According to a news release, Blossoms have collaborated with fellow UK chart-toppers Chase & Status for a brand new track titled “This Moment,” out worldwide.
Following their much-lauded performances at Coachella and a main support run with Two Door Cinema Club last month, Blossoms will be returning to North American shores in June with a handful of headlining tour dates plus appearances at Governor’s Ball in New York City and Bonnaroo Music and Arts Festival in Manchester, Tennessee. They will return in August for Lollapalooza in Chicago. For a full list of tour dates, see below. For tickets, go to www.blossomsband.co.uk
The British five-piece, hailed as the year’s “biggest guitar-pop shooting stars” and “modernist rock heroes” by the NME and whose debut album recently went GOLD in their homeland, have also announced they will be performing at this year’s Glastonbury Festival on the Pyramid Stage, as well as supporting The Stones Roses, opening for them at the legendary Wembley Stadium in London this June.
dick clark productions and Lovepop announced in a news release that Lovepop will create original 3D popup cards to reveal the “2017 Billboard Music Awards” winners during the awards ceremony. Each card will be one-of-a-kind paper art, designed exclusively for the winning artist and unveiled by the award presenter. This special card reveal will replace the traditional envelope opening.
Lovepop, a maker of hand-crafted, intricately designed cards, is best known for its 3D paper sculptures. After appearing on “Shark Tank” in late 2015, Creators Wombi Rose and John Wise — along with the guidance of businessman and Shark Tank’s Mr. Wonderful, Kevin O’Leary — went on to launch a thriving business providing customers with artistic greetings that create an emotional and personal connection between two people.
In advance of the awards show, Lovepop, the Billboard Music Awards and Lovepop investor Kevin O’Leary invited ABC’s “Shark Tank” cameras back into the design studio to get an insider’s look at the process of drafting, sketching and prototyping the “2017 Billboard Music Award” winner cards. “Shark Tank” will show a behind-the-scenes look at the making of the “2017 Billboard Music Awards” cards on at 9 p.m. Eastern time / 6 p.m. Pacific time Friday, May 5 on ABC. The finished designs will be revealed for the first time to artists and fans during the “2017 Billboard Music Awards,” broadcast live at 8 p.m. Eastern time / 5 p.m. Pacific time May 21 on ABC.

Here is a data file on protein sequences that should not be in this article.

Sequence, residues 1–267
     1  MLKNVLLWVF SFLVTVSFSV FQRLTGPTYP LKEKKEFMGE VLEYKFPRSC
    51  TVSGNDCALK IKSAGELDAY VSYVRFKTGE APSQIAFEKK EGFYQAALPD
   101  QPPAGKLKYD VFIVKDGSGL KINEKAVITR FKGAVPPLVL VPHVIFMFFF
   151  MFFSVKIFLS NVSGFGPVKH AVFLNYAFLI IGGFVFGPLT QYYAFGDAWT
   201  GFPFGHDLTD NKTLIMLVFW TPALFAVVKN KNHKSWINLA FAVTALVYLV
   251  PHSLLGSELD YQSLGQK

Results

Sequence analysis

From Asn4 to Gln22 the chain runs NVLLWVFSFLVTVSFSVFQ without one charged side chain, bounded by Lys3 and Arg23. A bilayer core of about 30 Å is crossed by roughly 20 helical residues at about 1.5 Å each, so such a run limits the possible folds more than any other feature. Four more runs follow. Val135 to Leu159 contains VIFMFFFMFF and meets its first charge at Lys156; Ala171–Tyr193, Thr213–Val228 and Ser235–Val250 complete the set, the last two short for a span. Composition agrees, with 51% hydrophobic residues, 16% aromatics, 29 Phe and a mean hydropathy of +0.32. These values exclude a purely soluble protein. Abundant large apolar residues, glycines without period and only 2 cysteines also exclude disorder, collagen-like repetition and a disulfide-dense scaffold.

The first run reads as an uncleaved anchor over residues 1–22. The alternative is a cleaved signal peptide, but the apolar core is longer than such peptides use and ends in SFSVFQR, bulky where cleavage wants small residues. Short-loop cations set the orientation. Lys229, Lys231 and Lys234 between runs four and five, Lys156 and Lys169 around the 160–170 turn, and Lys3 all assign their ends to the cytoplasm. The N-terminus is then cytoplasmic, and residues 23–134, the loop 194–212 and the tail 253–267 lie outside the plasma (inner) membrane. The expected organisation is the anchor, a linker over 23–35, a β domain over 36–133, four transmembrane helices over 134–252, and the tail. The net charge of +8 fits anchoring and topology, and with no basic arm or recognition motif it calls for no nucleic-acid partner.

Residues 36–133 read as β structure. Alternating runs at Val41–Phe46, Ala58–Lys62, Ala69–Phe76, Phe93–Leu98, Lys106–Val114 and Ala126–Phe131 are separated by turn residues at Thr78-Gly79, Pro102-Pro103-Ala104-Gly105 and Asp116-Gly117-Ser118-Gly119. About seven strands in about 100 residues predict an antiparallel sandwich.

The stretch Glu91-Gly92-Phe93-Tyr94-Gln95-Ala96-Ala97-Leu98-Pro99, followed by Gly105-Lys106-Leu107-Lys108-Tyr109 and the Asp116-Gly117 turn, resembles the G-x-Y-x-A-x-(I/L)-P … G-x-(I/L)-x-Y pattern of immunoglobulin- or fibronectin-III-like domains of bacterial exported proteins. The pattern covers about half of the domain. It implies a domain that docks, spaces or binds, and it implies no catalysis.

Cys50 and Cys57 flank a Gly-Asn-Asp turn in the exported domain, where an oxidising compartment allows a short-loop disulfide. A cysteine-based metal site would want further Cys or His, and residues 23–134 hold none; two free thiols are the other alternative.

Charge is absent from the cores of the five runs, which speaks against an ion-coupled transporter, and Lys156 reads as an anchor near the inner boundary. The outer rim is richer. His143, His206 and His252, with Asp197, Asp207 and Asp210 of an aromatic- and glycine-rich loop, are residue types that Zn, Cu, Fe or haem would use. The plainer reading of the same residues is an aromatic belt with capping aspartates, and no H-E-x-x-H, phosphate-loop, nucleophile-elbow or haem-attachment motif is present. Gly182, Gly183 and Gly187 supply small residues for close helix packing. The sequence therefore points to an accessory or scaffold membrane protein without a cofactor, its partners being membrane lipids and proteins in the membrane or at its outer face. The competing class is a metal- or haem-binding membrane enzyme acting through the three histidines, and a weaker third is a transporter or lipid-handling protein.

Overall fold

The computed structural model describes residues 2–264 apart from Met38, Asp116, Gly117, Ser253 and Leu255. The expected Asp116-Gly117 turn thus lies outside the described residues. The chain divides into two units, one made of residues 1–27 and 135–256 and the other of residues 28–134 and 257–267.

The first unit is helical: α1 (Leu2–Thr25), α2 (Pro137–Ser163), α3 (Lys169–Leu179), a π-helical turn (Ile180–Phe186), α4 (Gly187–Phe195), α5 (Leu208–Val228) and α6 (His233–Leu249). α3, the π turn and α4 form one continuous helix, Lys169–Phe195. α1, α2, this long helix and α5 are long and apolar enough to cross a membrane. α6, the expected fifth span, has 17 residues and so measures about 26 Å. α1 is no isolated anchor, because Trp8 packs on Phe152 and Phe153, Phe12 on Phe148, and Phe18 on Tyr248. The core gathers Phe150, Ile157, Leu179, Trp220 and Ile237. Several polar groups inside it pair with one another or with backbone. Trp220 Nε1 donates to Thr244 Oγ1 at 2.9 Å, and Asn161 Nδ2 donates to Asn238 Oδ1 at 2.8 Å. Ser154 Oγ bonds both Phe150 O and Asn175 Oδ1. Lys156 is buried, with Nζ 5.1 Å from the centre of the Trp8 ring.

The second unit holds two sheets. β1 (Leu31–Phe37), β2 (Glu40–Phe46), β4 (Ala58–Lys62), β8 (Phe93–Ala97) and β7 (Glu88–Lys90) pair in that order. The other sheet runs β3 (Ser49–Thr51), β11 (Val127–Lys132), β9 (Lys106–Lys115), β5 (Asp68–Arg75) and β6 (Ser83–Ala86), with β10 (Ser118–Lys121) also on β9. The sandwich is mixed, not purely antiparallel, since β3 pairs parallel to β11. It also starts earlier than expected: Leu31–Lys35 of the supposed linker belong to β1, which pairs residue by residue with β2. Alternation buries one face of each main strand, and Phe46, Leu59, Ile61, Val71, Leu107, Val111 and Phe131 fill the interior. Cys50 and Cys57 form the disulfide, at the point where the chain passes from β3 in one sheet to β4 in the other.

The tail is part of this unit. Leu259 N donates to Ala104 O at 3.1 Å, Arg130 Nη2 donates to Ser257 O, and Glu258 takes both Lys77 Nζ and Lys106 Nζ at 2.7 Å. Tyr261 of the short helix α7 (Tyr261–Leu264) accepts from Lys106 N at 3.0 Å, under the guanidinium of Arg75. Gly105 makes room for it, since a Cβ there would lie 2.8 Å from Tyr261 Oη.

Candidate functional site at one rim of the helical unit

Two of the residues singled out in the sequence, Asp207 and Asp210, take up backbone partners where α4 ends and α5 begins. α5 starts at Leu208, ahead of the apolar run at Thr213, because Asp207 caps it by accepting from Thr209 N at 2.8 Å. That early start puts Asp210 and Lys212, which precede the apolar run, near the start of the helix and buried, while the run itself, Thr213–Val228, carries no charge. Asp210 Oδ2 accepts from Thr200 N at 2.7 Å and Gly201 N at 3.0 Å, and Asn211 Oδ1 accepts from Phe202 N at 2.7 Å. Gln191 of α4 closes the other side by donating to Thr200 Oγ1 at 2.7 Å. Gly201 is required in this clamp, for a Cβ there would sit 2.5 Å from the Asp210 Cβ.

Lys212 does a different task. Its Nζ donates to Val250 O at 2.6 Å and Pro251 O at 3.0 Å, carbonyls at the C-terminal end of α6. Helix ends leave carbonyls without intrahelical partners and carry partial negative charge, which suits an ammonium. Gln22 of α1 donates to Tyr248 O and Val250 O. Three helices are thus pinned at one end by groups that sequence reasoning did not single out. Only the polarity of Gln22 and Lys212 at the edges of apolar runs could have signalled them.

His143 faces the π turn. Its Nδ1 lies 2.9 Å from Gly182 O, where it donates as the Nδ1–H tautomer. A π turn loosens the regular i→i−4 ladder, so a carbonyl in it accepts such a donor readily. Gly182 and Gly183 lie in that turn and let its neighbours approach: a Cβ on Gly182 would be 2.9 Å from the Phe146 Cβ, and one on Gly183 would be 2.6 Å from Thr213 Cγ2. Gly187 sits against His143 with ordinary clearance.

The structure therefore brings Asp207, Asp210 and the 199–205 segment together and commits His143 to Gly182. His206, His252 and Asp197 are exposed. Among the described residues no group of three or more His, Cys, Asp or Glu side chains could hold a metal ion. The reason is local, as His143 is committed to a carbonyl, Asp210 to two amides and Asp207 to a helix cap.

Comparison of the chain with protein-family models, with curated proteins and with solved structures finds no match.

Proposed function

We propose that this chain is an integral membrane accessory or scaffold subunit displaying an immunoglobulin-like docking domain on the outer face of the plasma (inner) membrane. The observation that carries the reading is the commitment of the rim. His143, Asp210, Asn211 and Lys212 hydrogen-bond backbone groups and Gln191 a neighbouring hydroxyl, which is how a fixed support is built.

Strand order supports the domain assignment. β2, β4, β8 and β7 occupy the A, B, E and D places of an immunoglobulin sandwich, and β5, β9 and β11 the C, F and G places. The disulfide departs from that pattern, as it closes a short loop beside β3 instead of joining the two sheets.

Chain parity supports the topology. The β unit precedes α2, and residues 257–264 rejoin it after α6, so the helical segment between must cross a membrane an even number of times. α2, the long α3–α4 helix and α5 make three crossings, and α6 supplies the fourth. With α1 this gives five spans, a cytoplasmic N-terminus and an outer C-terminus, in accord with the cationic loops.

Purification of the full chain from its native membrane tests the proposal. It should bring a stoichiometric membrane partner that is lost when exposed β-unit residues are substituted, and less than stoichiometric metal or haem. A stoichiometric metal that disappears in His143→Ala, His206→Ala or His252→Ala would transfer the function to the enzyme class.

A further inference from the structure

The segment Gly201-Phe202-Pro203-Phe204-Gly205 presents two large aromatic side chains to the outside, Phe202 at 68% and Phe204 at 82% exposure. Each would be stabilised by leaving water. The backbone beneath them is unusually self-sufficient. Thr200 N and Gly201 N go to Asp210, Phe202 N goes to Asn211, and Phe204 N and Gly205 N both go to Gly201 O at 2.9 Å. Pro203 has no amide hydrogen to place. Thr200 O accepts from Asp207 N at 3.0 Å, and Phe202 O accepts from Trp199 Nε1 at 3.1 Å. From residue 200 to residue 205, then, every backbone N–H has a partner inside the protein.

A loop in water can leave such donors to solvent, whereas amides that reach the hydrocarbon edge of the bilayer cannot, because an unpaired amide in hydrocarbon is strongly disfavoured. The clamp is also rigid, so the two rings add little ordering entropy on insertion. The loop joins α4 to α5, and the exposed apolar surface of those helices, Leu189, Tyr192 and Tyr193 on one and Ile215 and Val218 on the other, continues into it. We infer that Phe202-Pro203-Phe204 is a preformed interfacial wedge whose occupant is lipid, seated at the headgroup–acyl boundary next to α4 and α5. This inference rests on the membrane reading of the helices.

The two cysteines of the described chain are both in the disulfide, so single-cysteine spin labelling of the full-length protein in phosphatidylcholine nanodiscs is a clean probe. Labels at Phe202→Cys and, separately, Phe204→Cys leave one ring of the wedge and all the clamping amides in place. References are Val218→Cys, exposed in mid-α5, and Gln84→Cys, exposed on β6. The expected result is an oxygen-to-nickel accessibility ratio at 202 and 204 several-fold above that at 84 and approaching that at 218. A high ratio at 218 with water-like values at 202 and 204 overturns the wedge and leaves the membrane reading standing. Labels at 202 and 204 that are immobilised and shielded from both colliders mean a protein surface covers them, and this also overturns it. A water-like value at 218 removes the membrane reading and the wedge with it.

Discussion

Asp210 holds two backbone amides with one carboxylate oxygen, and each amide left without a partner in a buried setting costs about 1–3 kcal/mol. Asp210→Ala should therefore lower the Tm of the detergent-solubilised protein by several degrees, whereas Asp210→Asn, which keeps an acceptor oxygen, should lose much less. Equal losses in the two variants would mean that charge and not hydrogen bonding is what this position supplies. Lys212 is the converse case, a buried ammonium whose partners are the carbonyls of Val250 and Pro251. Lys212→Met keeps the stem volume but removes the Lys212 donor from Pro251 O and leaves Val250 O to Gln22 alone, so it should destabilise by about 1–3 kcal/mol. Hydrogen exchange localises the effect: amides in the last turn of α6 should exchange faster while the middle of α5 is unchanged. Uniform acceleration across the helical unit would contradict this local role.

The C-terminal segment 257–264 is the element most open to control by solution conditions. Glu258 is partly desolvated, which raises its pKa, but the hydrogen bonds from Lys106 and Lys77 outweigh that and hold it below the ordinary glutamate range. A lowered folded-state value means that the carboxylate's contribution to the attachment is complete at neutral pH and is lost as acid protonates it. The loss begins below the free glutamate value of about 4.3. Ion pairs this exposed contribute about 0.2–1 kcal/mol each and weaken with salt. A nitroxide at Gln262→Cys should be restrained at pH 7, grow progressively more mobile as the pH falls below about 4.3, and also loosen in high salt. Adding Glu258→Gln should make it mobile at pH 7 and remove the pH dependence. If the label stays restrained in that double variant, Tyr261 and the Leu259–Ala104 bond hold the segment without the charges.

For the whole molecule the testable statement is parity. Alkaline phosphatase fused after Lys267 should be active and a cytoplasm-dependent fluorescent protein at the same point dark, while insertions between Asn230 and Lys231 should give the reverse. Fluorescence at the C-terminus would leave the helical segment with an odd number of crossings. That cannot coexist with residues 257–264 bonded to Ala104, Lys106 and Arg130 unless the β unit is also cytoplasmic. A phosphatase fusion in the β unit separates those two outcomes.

On the 65th floor at the iconic Rainbow Room, with an expansive view of the city where Ella Fitzgerald got her first big break and performed her last public concert, the singer’s 100th birthday was celebrated. Verve Label Group, in partnership with the Mayor’s office, hosted a proclamation ceremony today to honor this beloved musical icon on her 100th birthday by naming it “Ella Fitzgerald Day,” in New York City. Grammy winner Tony Bennett joined to acknowledge his dear friend and colleague and closed the ceremony with a rendition of “Our Love Is Here to Stay.” Vocal students from Frank Sinatra School of the Arts, which Tony Bennett founded in his hometown of Astoria, Queens, opened the Rainbow Room event appropriately with “Blue Skies,” a favorite Ella recording.
Danny Bennett, CEO and president of Verve Label Group acknowledged Ella Fitzgerald’s unique relationship with New York City where she first received public acclaim by winning Amateur Night at the Apollo Theatre in 1934 and performing her last public concert at Carnegie Hall in 1991. Danny Bennett said in a news release, “A year ago, I was asked to take over at the helm of Verve which was founded by Ella’s longtime manager Norman Granz, who created Verve Records in 1955 to provide a nurturing and supportive home for Ella’s recording career but also to foster jazz artists and this great American-born musical genre. I am truly humbled to now be the keeper of the flame and contributing to shine a well-deserved light on artists of the magnitude of Ella Fitzgerald.”